10 Covered Bridges Near Saint John, New Brunswick

The beautiful covered bridges of New Brunswick are known around the world. Come visit these iconic landmarks for yourself!


New Brunswick is known for its unique charms. From the high tides of the Bay of Fundy, to the Reversing Rapids in Saint John, to its absolutely breathtaking National Parks, this province is full of sites to see. That said, for all its natural beauty, there are several surprising attractions in New Brunswick that continues to draw visitors from all over the world—covered bridges! Over 50 of these beautiful relics from a bygone era are still in use here in New Brunswick, and many are within a short driving distance from Saint John and the mv Fundy Rose. If you have your heart set on checking out one of these wonderful bridges, you’re in luck! Here are 10 covered bridges located within a short driving distance of Saint John.

Darlings Island Bridge

This darling of a bridge is a favourite of photographers. Since being built in 1914, this bridge has helped connect the residents of Darlings Island to the mainland. Located to the northeast of Saint John, the Darlings Island Bridge is a quick 20-minute drive from downtown.

Smithtown Bridge

Swimmers and sunbathers will love paying a visit to the Smithtown Bridge near Hampton. That’s because this 104-year old bridge is above a very popular swimming hole in the area. Come see this lovely piece of history, and then go for a relaxing dip in the water. Sounds like a perfect day to us!


Little Lepreau River Bridge

Originally built in 1910, the Little Lepreau River Bridge near Mill Pond is no longer in service, but it’s still standing and waiting for you to visit. Located about 28 minutes southwest of Saint John, the Little Lepreau River Bridge is over 100-feet long.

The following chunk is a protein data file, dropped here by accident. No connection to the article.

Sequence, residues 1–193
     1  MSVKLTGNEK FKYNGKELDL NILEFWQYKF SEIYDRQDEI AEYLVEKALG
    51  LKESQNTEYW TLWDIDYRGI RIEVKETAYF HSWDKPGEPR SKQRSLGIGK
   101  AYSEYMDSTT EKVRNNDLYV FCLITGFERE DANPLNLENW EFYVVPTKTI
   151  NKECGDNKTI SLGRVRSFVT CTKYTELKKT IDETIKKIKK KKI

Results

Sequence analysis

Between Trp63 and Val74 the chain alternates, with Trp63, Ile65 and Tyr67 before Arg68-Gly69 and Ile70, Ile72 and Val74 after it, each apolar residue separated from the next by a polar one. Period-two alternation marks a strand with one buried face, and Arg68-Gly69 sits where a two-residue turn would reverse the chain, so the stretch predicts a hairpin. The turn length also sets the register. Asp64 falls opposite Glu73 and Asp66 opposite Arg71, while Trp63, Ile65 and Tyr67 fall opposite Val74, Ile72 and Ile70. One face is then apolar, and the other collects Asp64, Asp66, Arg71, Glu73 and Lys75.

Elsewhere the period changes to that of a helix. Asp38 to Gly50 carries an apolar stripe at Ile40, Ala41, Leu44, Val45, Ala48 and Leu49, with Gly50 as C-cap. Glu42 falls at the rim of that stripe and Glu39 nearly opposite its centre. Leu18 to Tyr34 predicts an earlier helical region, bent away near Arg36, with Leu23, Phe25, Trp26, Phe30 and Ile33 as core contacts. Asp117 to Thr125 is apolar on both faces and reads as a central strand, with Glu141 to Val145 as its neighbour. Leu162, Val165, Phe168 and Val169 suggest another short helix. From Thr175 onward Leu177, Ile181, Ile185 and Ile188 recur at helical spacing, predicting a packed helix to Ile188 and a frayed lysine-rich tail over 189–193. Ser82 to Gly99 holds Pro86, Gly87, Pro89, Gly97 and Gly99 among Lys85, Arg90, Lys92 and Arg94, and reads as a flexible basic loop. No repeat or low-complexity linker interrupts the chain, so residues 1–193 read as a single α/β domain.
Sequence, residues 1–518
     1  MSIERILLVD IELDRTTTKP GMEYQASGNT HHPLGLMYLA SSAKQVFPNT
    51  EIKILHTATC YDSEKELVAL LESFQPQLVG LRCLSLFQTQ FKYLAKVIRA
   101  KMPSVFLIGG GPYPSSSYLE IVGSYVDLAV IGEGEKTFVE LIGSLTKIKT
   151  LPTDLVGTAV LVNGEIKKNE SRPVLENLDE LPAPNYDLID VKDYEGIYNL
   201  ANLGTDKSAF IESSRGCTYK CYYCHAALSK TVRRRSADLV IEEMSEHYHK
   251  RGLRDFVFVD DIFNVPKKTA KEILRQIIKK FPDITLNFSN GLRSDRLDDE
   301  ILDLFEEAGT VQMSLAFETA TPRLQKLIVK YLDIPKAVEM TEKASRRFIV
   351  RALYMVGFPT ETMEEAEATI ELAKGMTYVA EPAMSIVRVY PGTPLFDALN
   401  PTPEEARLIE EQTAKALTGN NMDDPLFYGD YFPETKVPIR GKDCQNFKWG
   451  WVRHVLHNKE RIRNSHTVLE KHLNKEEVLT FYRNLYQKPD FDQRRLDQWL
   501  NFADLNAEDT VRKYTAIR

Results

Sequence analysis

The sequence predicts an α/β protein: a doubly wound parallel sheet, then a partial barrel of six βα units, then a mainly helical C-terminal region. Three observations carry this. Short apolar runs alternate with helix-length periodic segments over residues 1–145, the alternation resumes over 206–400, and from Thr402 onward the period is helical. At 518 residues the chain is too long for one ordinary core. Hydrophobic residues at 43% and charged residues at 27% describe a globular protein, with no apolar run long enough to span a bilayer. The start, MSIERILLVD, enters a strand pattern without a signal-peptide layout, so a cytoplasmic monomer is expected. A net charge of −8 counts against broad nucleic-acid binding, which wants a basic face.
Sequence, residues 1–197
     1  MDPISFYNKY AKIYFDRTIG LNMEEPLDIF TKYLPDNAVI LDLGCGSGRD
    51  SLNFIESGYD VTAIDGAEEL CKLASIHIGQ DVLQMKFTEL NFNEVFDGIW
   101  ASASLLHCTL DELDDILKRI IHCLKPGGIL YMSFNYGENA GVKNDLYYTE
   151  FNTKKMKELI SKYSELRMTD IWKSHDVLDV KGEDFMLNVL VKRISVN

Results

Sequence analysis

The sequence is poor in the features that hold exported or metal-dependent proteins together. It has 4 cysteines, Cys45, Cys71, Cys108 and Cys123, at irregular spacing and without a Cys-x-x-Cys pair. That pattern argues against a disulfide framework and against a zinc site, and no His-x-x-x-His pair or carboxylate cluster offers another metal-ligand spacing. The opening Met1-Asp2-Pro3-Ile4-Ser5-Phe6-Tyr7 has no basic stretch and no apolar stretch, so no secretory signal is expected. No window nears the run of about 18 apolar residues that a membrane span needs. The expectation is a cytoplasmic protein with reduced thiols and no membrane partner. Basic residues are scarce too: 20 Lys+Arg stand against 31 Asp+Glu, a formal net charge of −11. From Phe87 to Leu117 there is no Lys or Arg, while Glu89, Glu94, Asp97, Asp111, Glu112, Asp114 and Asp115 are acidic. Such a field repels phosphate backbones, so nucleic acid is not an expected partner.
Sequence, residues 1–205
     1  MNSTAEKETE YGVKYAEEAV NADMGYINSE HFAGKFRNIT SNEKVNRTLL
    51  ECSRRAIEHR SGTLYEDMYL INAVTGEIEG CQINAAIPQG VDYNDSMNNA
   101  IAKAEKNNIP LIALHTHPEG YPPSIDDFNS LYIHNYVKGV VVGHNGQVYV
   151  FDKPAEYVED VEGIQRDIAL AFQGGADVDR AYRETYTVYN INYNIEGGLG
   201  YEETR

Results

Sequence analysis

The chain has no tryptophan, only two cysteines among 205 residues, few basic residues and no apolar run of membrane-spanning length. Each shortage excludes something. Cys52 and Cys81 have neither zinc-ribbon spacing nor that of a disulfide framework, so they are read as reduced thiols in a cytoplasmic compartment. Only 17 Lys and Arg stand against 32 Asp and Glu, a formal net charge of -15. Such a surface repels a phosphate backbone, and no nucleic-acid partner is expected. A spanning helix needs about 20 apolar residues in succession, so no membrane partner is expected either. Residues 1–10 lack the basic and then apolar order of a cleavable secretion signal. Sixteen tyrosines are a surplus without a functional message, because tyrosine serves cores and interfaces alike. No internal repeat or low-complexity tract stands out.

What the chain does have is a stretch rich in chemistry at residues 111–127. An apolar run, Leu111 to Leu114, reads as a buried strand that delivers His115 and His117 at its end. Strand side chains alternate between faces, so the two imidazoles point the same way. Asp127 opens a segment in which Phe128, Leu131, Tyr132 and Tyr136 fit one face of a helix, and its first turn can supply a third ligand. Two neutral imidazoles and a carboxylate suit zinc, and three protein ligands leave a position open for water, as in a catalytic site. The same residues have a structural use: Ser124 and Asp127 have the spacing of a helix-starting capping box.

Tynemouth Creek

91-years old and 94-feet long, the Tynemouth Creek Bridge is located approximately 40 minutes east of Saint John. Time your visit to coincide with the tide being out for an opportunity to get a unique look at the bridge—from below!

Vaughn Creek & Hardscrabble Covered Bridges

If you’d like to see two covered bridges on one trip, make your way to Saint Martins, about one hour east of Saint John. Here, you’ll find the Vaughn Creek Covered Bridge, as well as the Hardscrabble Covered Bridge. These bridges are short and sweet, but you won’t find any closer together in the entire province!


Bayswater Bridge

Bayswater Bridge is located in Kings County—the covered bridge capital of Atlantic Canada—about 40 minutes northwest of Saint John. Built in 1920, the Bayswater Bridge is over 200-feet long and is still used on a daily basis by locals and tourists alike.

Bloomfield Creek Bridge

The Bloomfield Creek Bridge, located 30 minutes northeast of Saint John, is a 101-year old beauty that is driven daily by hundreds of commuters. At 146-feet in length, it’s a great example of the appealing design of these turn-of-the-century bridges.

Moosehorn Creek Bridge

Adventure is waiting when you pay a visit to the Moosehorn Creek Bridge, located just over 30-minutes northeast of Saint John. That’s because this 103-year old bridge is located in the Stonehammer UNESCO Global Geopark, making it the perfect spot to discover even more of New Brunswick’s rich history.


Bonus: Hartland Covered Bridge

We couldn’t write about covered bridges in New Brunswick without mentioning the Hartland Covered Bridge National Historic Site. After all, at over 1,200-feet, this is the longest covered bridge in the world! Not far from the bridge, you can visit the Covered Bridge Potato Chip Company. Named after—you guessed it—the Hartland Bridge, the factory offers tours for those interested in how potato chips are made, and a gift shop for those who would rather just eat them!

Known as “kissing bridges” because they were the perfect spot for young lovers to sneak a quick kiss in the old days, covered bridges offer a special glimpse into our region’s past. Come visit one for yourself today in New Brunswick—starting with a trip aboard the mv Fundy Rose of course! And be sure to share all of your favourite covered bridge photos with us on Facebook, Twitter, and Instagram. We can’t wait to see them!